DEAUVILLE/MOSCOW, October 29 (RIA Novosti) − The first shoots of gender equality came to Russia with the Soviet Union, when women were given an active role in building up the Communist system.
In modern Russia, women have increasingly adopted a new role − militating for human rights, outside the protection of the state.
This evolving role of women in Russian public life was a centerpiece of discussions at the the 2013 Women’s Forum for the Economy and Society held in the French town of Deauville earlier this month.
“Clearly, you have a history and tradition in Russia which actually promoted the equality of women as a state policy, but … there is a paradox as there is today a society that has a very patriarchal system,” said Florence Tercier Holst-Roness, who runs Issues Affecting Women Program at the Geneva-based Oak Foundation.
In the Soviet Union, women were provided state-funded child care, abortion rights and gained access to professions and trades that had in earlier eras been closed off to them.
“The strategy for survival in the Soviet Union, in a way, was not fighting for rights, but creating a private, independent space,” said Irina Prokhorova, founder of the NLO publishing house.
That struggle remains current to this day, but has also broadened to encompass wider aims.
“I think the main problem now is not even with the [freedom of the] press, but educating people, telling them about their rights – that they really have rights,” said Prokhorova, who also heads the Mikhail Prokhorov Foundation, a charity named after her billionaire brother.
Following the collapse of the Soviet Union, numerous human rights organizations started appearing in Russia as the nation sustained years of radical reform and turbulent political uncertainty.
Grassroots groups and social activism have picked up steam over the past several years, although very few of those initiatives focus on women.
In 1993, the ANNA center for prevention of domestic violence against women was founded by Marina Pisklakova-Parker, who still chairs the organization.
The center managed to create the country’s first shelters and a hotline for abused women. It remains one of the few organizations focusing on women’s rights.
Russia boasts a wide range of non-governmental rights groups run by women, including the local branches of the Human Rights Watch and Transparency International, as well as the country’s leading organization helping migrants and refugees, Civil Assistance, among others.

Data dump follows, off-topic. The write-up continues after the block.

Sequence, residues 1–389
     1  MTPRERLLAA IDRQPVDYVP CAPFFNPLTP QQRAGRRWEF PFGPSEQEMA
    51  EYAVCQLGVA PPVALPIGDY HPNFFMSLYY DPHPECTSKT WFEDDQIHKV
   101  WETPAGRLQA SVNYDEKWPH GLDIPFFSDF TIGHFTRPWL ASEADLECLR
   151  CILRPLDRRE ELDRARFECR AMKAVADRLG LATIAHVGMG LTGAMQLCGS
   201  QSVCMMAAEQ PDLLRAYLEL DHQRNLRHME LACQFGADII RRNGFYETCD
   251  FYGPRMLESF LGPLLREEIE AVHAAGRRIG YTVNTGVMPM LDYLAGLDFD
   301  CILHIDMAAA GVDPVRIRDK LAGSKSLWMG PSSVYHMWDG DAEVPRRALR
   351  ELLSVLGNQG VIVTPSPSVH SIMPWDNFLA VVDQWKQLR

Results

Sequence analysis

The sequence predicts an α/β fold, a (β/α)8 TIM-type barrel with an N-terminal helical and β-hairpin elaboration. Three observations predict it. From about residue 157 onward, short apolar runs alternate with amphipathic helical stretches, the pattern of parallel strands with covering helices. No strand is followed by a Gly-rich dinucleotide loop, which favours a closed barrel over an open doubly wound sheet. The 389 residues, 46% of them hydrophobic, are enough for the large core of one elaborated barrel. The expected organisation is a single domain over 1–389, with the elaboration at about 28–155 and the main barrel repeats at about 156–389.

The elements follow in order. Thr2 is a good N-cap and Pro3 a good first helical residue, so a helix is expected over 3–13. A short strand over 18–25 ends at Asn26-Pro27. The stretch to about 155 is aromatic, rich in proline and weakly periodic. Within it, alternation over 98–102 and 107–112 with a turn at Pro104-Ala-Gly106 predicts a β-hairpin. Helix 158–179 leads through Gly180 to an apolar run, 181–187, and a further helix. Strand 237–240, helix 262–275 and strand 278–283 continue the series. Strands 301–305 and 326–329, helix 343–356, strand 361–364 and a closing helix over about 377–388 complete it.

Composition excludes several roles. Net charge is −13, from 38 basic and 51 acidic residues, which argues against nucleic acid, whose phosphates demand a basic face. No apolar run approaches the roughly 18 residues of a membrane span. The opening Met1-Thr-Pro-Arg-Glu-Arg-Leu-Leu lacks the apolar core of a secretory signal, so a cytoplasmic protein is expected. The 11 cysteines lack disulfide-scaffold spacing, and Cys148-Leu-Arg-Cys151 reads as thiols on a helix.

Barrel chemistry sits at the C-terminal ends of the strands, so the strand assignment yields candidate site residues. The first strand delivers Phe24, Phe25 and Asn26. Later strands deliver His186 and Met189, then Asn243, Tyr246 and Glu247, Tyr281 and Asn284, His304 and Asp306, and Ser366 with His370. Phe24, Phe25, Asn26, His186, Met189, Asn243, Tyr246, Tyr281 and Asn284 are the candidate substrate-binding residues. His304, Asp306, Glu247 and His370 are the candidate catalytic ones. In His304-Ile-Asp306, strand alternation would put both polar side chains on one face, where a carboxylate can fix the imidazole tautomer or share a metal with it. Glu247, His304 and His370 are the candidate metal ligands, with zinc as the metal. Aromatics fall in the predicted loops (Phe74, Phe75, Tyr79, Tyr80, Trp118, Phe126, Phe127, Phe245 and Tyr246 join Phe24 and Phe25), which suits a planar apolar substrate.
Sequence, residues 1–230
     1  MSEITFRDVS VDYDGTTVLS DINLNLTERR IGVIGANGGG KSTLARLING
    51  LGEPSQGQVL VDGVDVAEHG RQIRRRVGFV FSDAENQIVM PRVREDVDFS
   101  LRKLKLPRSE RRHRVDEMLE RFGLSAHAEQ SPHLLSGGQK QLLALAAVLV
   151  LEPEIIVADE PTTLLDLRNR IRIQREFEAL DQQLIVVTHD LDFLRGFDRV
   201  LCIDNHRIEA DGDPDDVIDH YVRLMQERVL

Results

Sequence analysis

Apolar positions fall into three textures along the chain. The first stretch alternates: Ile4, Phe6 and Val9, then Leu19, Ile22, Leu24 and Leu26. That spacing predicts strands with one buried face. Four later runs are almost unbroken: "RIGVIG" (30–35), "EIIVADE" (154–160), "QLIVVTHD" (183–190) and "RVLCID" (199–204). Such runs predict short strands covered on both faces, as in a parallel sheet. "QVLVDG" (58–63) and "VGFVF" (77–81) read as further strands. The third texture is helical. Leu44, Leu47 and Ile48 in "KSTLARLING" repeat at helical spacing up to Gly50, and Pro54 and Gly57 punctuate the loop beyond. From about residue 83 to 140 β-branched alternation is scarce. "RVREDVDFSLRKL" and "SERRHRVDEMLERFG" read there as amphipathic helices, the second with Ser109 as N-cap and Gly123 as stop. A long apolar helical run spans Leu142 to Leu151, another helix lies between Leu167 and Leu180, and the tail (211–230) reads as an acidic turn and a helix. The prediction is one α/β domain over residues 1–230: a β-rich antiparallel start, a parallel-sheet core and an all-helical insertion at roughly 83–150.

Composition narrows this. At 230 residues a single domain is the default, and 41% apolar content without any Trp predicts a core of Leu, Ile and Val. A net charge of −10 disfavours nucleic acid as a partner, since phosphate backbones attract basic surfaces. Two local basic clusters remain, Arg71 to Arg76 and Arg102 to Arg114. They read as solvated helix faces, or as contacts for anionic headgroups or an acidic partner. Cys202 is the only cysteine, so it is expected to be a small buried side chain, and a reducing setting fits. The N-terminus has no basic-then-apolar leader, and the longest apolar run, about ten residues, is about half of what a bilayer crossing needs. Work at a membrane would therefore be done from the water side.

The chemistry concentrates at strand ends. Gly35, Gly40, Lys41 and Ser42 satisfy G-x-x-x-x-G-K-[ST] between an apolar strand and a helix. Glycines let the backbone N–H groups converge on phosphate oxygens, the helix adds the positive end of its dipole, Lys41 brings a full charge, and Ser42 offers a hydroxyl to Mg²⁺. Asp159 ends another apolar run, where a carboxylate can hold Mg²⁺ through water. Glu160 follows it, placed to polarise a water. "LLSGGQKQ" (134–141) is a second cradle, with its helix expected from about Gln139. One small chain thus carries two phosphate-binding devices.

Indeed, although the “Being a Russian Woman” panel in Deauville was ostensibly devoted to discussions on the contemporary role of women in Russian society, talk soon turned to the human rights situation in the country, which is where many women are focusing their attentions.
Economist-turned-activist Irina Yasina said activism has occupied most of her time for more than a decade.
“Every morning I see letters in my Facebook or LiveJournal, or an email from disabled people from all over Russia … asking for help,” said Yasina, who also work as a commentator for RIA Novosti.
Yasina once headed the Open Russia Foundation for civil rights, established by oil tycoon Mikhail Khodorkovsky, who was later jailed on economic-related charges that are widely seen as politically motivated.
This year, Russian lawmakers passed a controversial anti-LGBT law introducing punishment for “propaganda of non-traditional sexual relationships.”
And yet, Russia still doesn’t have any law protecting women from domestic violence.
“Right now there is no legislation to protect women’s rights, said Mari Davtyan, a lawyer with the Moscow Legal Center, who is involved in a working group to promote a bill on domestic violence in the State Duma, the lower house of parliament.
She expects the bill to be introduced next year, but admits that it will take longer to see it being implemented.
Last year, normally marginal discussions on feminism broke into the mainstream with the furore surrounding the all-female Pussy Riot punk band, whose anti-Kremlin performance in Christ the Savior Cathedral in Moscow landed them in jail.
The episode has served to some extent to intertwine the diverging conversations about political rights and feminist issues.
The original stunt was harshly condemned by the government and the powerful Orthodox Church, and has thereby served as a possible setback for feminist causes.
Two of the band members, both of whom have young children, are currently serving two-year prison sentences.
The conservative climate in Russia at the moment is such, however, that most approve of the jailing, suggesting that little progress has been made in improving rights across the board.